Sacred Worth bridges LGBTQ community and church
A student-led organization is looking to dispel the viewpoint that the LGBTQ community and Christianity are incompatible.
Originally formed in 1990, Sacred Worth strives to create a safe environment for LGBTQ students in the church. Over the years, the group—originally named Divinity Students for Gay and Lesbian Concerns—has hosted a variety of events on campus to raise awareness about their cause.
Before Amendment One was passed, the group held panel discussions and organized drives for people to vote against the Amendment. The organization has also hosted film screenings and discussions and art installations featuring LGBTQ saints and martyrs.
“The group represents something that’s foreign to a lot of people. We can lend our voices and experiences, make things personal, challenge doctrines or beliefs just through sharing our lives in classes and studies with one another,” said Justin Davis, one of the four co-leaders of the group and student at the Divinity School.
The name Sacred Worth was inspired by a statement in the United Methodist Book of Discipline about all persons being created with sacred worth, said Lynda Berg, a co-leader of the group and student at the Divinity School.
Although the organization has been a facet of the University for over two decades, its presence was not always readily accepted.
“When the group was first formed in the 1990s, it was a real struggle. They had to go up against a lot of opposition,” Berg said. “But I think the Divinity School has come a long way since then and no one will question our ability to be here now.”
Sophomore Daniel Kort, president of Blue Devil’s United, said Sacred Worth’s presence on campus is invaluable and ensures that the LGBTQ community is represented across all facets of the University.
Berg echoed this sentiment, noting that the group offers pertinent information for LGBTQ students who may feel that they do not belong at church.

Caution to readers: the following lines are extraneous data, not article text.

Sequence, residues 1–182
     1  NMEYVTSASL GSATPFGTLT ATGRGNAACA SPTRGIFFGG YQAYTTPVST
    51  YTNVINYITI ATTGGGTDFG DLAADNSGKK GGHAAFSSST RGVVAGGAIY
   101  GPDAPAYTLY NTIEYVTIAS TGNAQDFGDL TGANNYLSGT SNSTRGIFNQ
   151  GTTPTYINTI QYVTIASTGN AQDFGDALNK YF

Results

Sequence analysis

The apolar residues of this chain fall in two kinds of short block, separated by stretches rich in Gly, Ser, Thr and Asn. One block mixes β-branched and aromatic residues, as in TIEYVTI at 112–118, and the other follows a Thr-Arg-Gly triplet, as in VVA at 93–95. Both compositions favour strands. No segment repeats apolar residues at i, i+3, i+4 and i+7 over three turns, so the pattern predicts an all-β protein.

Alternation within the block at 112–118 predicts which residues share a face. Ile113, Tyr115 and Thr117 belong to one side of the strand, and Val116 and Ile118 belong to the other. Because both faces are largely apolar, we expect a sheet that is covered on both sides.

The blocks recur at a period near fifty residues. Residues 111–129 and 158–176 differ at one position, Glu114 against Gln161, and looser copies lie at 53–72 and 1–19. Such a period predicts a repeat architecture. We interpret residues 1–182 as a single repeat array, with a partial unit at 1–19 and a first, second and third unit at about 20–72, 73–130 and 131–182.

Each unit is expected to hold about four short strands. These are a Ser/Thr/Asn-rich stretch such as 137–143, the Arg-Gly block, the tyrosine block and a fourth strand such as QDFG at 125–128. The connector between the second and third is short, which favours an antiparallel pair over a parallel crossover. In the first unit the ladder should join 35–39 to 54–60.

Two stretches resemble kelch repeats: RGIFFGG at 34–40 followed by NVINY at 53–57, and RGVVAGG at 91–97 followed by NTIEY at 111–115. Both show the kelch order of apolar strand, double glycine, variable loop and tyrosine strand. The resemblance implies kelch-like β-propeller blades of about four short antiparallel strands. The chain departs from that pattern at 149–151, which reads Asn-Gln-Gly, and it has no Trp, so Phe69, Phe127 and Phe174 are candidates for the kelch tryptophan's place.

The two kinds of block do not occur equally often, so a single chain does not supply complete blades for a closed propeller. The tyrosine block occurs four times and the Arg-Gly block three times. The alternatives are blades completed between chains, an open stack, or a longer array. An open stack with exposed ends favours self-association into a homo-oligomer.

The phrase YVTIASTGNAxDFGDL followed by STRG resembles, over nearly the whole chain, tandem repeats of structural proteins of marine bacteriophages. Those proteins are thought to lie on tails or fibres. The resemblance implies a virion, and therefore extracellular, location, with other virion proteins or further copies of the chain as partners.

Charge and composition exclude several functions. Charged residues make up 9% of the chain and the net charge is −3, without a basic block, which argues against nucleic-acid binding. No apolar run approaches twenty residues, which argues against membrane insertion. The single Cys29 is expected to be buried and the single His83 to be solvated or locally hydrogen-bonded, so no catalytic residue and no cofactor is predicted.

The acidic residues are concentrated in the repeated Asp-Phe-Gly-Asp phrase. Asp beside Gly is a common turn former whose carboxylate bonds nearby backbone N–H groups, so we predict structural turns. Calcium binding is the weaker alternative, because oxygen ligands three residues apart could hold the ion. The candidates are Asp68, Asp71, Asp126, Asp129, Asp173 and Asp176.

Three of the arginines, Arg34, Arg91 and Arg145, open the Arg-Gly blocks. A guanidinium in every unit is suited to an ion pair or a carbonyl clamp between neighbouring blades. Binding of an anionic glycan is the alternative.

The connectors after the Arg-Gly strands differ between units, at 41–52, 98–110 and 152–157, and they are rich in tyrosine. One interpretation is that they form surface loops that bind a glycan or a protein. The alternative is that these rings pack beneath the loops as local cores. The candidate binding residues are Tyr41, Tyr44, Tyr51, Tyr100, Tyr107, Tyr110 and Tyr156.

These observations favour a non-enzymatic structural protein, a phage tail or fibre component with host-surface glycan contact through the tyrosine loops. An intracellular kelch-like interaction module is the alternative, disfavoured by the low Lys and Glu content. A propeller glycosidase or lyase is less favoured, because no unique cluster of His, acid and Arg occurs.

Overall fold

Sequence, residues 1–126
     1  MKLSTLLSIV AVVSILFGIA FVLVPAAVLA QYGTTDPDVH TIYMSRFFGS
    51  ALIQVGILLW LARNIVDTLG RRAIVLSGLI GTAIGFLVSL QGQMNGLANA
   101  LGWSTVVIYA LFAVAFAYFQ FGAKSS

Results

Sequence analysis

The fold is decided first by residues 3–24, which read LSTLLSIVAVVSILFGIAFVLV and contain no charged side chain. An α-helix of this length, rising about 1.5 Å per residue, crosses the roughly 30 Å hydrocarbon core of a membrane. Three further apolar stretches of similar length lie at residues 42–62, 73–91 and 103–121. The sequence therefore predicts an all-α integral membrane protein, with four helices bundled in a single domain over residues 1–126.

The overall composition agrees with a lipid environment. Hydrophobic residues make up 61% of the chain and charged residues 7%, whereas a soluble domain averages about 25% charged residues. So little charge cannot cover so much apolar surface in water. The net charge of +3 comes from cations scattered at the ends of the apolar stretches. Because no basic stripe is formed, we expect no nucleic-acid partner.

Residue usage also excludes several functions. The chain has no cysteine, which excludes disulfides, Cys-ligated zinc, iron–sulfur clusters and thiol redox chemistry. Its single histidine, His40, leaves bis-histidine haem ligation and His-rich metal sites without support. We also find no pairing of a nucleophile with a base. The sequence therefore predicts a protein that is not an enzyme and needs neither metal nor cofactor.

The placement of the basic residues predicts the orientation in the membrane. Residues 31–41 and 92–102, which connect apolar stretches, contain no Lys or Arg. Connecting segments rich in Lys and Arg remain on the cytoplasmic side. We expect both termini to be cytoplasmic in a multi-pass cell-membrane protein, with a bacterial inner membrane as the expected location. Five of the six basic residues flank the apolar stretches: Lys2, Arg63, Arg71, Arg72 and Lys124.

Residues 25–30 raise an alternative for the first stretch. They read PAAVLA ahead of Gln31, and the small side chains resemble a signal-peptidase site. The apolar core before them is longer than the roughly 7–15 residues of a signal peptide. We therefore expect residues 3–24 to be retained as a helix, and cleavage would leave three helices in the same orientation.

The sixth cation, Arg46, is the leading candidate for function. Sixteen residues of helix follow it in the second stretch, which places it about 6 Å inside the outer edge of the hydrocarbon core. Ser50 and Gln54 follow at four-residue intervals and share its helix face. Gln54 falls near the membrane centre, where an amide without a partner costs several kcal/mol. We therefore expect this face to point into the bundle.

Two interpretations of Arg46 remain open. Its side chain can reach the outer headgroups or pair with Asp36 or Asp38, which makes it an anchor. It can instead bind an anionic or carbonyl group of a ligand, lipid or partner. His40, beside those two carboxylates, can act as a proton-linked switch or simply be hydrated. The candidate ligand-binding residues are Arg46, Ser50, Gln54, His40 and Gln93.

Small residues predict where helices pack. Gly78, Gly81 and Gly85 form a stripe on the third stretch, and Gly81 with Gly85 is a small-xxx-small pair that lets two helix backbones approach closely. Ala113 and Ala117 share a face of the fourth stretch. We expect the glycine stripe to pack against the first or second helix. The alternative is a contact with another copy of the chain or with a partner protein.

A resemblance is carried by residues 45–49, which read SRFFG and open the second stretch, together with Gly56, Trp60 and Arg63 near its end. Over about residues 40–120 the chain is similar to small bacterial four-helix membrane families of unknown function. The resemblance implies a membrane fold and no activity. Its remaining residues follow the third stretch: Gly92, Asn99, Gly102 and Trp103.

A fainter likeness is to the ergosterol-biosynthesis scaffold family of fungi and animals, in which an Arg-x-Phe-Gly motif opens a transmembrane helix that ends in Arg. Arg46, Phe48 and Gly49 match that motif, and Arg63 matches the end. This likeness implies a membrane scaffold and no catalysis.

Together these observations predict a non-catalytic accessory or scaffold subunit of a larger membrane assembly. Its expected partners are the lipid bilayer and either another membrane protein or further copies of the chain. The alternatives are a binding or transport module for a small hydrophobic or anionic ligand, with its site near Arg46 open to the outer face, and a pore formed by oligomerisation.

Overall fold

“A lot of LGBT Christians have walked away from their faith because how the church has treated them, or they felt that they have to choose one or the other, which is heartbreaking,” she said.
Amy Hall, associate professor of Christian ethics at the Divinity School, is one of the faculty allies of the group and believes that it is possible to be Christian and a member or supporter of the LGBTQ community.
“It does come as a surprise to some folks that people at the Divinity school are allies,” said Hall. “As a teacher at Duke Divinity School, I’ve had some very gifted ministers and students come through who belong to the LGBT group. I want to be able to tell people that God has gifted individuals who are gays and lesbians.”
Senior Raygan Baker, another co-leader of Sacred Worth, noted that the church is at its best when it’s inclusive of more voices, and needs to hear the voices of LGBTQ community.
“Our goal is to be inclusive about LGBTQ people is part of our role in serving the church,” said Baker. “We are not just serving these people, we think that the church needs these people.”
Correction: Lynda Berg and Justin Davis are both students at the Duke Divinity School, not undergraduates. The Chronicle regrets the error.